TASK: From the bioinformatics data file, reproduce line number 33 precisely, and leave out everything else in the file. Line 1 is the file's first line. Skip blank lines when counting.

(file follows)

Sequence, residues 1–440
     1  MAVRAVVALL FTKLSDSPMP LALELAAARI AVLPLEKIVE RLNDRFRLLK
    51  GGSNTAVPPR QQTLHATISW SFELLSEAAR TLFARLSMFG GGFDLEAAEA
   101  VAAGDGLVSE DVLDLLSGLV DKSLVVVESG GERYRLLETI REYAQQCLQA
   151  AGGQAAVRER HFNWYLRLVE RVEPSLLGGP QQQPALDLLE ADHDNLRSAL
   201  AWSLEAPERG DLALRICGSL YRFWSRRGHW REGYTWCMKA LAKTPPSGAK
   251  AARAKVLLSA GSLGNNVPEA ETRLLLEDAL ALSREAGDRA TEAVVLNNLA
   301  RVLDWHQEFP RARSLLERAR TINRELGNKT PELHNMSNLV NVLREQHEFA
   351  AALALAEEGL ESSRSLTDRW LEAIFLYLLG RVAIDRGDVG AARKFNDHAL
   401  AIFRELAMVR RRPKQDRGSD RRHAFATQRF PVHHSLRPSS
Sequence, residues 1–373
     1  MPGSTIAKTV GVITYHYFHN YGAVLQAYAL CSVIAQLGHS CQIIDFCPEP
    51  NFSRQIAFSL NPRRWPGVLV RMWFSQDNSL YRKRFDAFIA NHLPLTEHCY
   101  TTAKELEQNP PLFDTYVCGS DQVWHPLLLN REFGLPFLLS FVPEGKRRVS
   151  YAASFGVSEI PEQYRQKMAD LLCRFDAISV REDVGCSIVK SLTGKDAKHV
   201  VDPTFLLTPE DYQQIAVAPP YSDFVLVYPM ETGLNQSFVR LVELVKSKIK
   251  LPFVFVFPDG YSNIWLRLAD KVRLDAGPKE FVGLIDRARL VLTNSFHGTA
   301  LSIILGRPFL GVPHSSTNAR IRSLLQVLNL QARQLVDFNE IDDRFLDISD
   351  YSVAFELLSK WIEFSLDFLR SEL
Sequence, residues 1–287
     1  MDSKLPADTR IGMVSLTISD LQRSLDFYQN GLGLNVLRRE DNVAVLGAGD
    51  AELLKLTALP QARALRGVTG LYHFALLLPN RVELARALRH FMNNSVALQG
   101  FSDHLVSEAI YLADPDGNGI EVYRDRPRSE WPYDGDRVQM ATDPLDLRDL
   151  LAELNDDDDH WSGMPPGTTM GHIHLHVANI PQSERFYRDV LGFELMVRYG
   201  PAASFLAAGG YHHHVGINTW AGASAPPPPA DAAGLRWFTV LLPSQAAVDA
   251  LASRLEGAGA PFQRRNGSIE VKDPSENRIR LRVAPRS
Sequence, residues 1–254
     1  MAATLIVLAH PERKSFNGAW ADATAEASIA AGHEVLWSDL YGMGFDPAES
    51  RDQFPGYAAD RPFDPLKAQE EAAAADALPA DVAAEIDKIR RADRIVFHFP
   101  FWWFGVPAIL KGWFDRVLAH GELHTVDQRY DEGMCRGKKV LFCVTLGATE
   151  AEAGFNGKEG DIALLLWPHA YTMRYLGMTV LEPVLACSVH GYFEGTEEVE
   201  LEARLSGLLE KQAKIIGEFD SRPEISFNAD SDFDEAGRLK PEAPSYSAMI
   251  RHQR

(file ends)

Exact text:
   251  RHQR